I always find myself jumping back onto my MacBook to do ‘trickier’ things that I just can’t do on an iPad. There’s probably a way to do those things on an iPad, but I feel like I’m having to jump through too many hoops, make too many compromises, etc.
Starting today, right now in fact, I’m removing all the apps from my iPad Pro, and will just use it for gaming and watching Netflix, Foxtel, editing Photos, etc. It excels at all those things, and I don’t feel like I’m making any compromises.
Given where we are now, technology wise, compared to where we were 10-15 years ago, it’s taken me a surprisingly long amount of time to actually come up with a decent, repeatable, workflow for shooting, editing, uploading, and sharing.
Here’s my current workflow, in brief;
- shoot photos on iPhone 7 Plus, Panasonic GX7, GoPro Session, or Theta S
- import photos not shot on iPhone into Photos.app, either on my MacBook Pro, iPad Pro, or iPhone 7 Plus
- sort the keepers from the crap, all the while Photos.app is uploading and syncing to iCloud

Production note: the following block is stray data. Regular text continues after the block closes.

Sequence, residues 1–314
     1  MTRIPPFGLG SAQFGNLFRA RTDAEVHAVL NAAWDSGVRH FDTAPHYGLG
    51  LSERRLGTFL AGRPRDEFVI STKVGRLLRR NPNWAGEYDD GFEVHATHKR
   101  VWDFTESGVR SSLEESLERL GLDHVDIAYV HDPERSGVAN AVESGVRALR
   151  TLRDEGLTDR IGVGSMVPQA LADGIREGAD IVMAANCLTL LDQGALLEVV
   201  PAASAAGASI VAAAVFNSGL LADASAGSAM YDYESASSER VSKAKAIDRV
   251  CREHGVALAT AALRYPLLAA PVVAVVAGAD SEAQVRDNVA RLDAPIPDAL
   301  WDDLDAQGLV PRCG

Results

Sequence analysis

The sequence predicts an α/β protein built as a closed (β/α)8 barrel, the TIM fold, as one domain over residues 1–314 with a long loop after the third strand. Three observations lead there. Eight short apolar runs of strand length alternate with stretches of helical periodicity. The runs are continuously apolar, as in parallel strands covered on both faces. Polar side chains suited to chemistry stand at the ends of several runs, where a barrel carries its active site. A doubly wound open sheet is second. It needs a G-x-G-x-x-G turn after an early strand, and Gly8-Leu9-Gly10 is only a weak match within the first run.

- do basic adjustments in Photos.app, i.e. rotate, crop, exposure
- using Photos.app extension, open image in Priime for final style edits, save over the original image
- export / share from Photos.app to Instagram and Flickr
Priime has been the app that has really brought it together for me as I was missing a decent editor that I could use on all my devices. Yeh I can achieve all of this using Lightroom on all devices, however that problem with a Lightroom-based workflow is that I end up with a lot of data duplication, i.e. Photos.app has a copy, and Lightroom has a copy.
So far, this workflow has been really easy to adopt as my images are accessible and editable no matter what I’m working on. The only problem I’ve run into with it is that I have a Photos library in excess of 80,000 images and my upload connection is woefully slow, so it’s taking a long time to get everything up on iCloud. Fortunately, I’m going to Switzerland at the end of November and staying with a friend who has 400/200 fibre in his apartment.
On my iPhone, it’s so easy to take a photo, edit it quickly in Snapseed, then upload to Instagram, and share it out. It takes but a moment. Doing the same, or similar, to any of the photos shot on my other cameras is such a chore in comparison.
I captured around 2,000 photos and at least 10Gb of video while I was over in Europe recently, add to that a further 3,000 photos and more than 100Gb of video I shot when we holidayed in Fiji in July, and that gives you an idea of the mess that’s sitting in front of me.
At least it’s all backed up.